The implementation of rapid microbiological methods
Posted: 16 December 2010 | Dr Michael J. Miller
This is the sixth and final paper in a series of articles on rapid microbiological methods that have appeared in European Pharmaceutical Review during 2010. Over the past year, we have explored the world of rapid microbiological methods (RMMs), focusing on validation strategies, regulatory expectations, and the technical and quality benefits of these novel systems as compared with conventional techniques. It should be obvious by now that RMMs will significantly impact the future of microbiology within the pharmaceutical and biotech industries. But don’t just take my word for it…
Rapid methods are becoming a major focus of discussions at professional microbiology and manufacturing science and technology meetings around the world. Most recently, I attended the 5th Annual PDA Global Conference on Pharmaceutical Microbiology in Washington, DC. End-users, regulators and pharmacopoeial expert committee members provided their experiences and perspectives on the future of RMM implementation. I presented a case study on RMM validation and taught a full day training course on the subject. And when I wasn’t on the podium, I was blogging on my website, providing summaries of the RMM presentations as they were happening in real-time. That’s what I call rapid! In my sixth and final article in this series, I will offer an overview of the discussions that had taken place.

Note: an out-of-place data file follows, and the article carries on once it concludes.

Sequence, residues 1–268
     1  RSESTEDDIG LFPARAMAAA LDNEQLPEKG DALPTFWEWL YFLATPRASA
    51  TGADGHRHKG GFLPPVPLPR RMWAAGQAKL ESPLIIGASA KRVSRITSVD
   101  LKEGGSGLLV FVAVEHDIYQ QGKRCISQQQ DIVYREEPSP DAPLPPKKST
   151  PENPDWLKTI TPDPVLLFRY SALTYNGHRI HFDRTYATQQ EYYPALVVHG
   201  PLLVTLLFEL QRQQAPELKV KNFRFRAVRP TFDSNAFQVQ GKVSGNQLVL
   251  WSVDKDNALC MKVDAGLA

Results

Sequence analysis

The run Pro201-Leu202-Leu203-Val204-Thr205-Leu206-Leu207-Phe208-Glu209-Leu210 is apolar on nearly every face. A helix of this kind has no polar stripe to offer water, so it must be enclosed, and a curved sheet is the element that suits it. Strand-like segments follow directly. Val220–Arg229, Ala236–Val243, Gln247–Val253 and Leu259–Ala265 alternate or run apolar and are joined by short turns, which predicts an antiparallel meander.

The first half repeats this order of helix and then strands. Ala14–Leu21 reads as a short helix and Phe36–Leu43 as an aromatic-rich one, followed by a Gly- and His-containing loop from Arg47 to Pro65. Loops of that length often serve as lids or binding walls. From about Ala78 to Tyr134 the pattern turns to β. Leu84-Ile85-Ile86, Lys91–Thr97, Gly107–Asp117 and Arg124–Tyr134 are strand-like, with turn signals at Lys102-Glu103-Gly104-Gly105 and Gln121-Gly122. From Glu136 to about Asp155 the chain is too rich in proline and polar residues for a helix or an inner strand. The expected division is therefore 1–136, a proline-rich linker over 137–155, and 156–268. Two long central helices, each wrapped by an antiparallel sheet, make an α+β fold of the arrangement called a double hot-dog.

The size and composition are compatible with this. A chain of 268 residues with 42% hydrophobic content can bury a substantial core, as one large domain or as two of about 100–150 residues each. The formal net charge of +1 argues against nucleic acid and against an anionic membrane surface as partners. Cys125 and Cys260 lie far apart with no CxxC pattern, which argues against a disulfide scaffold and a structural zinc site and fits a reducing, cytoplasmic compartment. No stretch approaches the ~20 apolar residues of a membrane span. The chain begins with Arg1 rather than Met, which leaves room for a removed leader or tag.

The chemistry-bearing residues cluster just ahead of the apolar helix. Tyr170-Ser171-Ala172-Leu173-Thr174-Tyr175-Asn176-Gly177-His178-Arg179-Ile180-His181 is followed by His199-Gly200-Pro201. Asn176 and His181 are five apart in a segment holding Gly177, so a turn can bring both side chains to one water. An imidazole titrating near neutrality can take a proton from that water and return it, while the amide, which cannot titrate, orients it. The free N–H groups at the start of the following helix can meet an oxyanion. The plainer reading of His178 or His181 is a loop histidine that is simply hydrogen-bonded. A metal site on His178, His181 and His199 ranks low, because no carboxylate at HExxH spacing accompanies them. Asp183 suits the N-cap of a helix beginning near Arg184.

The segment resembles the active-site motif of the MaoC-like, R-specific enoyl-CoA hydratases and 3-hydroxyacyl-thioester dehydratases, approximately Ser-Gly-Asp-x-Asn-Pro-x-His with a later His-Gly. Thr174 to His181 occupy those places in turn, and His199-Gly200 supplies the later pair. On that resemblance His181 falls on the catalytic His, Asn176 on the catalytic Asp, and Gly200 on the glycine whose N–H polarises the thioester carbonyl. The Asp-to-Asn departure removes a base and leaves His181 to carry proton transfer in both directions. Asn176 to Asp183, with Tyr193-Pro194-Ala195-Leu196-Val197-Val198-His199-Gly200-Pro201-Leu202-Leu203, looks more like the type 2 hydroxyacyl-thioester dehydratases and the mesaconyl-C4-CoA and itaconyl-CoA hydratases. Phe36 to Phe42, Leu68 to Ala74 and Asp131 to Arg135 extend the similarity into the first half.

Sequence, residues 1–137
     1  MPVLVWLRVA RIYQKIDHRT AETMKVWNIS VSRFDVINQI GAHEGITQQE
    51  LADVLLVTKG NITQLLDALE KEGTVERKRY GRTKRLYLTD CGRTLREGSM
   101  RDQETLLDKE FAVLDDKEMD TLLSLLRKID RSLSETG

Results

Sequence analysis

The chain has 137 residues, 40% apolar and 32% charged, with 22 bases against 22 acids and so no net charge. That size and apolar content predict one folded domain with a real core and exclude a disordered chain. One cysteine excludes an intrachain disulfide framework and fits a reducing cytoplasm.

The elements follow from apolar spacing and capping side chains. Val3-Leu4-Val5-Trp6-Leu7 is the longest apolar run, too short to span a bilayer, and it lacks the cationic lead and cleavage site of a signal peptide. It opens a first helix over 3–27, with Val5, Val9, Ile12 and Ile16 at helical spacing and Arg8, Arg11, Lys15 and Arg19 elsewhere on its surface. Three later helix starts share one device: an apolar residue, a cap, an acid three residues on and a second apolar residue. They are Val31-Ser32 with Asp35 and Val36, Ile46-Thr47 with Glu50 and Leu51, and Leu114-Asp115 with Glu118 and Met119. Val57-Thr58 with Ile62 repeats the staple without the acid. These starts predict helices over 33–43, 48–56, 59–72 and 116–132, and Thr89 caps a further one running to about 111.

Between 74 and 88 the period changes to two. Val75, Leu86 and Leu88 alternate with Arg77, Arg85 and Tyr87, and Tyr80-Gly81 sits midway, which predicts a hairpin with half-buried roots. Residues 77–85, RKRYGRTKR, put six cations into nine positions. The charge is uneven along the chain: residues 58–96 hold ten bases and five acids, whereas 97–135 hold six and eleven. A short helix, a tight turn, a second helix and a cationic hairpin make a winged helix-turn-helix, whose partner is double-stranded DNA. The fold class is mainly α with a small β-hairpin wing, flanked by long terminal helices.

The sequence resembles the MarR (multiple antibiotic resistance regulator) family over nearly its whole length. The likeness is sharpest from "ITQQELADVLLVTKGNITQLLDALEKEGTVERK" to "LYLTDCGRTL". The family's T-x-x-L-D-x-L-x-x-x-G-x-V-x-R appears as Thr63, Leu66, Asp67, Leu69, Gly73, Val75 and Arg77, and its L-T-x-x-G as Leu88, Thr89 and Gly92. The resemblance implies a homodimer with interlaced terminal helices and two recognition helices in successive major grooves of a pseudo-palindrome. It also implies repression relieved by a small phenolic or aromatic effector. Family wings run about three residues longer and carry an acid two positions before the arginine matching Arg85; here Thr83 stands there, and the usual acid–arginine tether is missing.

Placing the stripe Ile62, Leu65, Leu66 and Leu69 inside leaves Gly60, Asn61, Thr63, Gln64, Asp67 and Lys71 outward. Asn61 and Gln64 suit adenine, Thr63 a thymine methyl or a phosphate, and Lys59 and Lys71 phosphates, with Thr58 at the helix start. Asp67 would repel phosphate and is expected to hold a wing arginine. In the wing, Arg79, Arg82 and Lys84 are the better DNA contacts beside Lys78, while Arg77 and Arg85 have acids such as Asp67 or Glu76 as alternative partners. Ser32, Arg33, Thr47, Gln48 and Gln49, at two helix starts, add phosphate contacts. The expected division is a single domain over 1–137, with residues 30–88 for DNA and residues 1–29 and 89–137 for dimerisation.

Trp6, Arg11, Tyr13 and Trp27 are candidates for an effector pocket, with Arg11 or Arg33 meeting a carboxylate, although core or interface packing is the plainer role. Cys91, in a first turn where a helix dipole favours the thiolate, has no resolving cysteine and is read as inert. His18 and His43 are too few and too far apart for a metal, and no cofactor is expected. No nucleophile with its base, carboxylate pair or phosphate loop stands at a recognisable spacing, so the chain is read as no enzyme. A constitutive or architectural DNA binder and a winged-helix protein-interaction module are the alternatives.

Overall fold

Dr. Ed Tidswell discusses the impact of viable but non-culturable (VBNC) organisms
Dr. Tidswell presented an excellent overview of viable but non-culturable (VBNC) organisms and their clinical implications and risk mitigation in sterile manufacturing. Of the estimated more than 1.5 million different microbial species, less than 0.1 per cent are known to be culturable. He stated that media fills, environmental monitoring and finished product sterility testing may actually fail to capture all microorganisms that may be present, due to the use of growth-based, conventional assays. Therefore, Dr. Tidswell recommends the adoption of rapid non-growth based PAT microbiology methods to ensure a risk based, integrated approach to the assurance of asepsis, and to reduce our reliance on traditional sterility testing.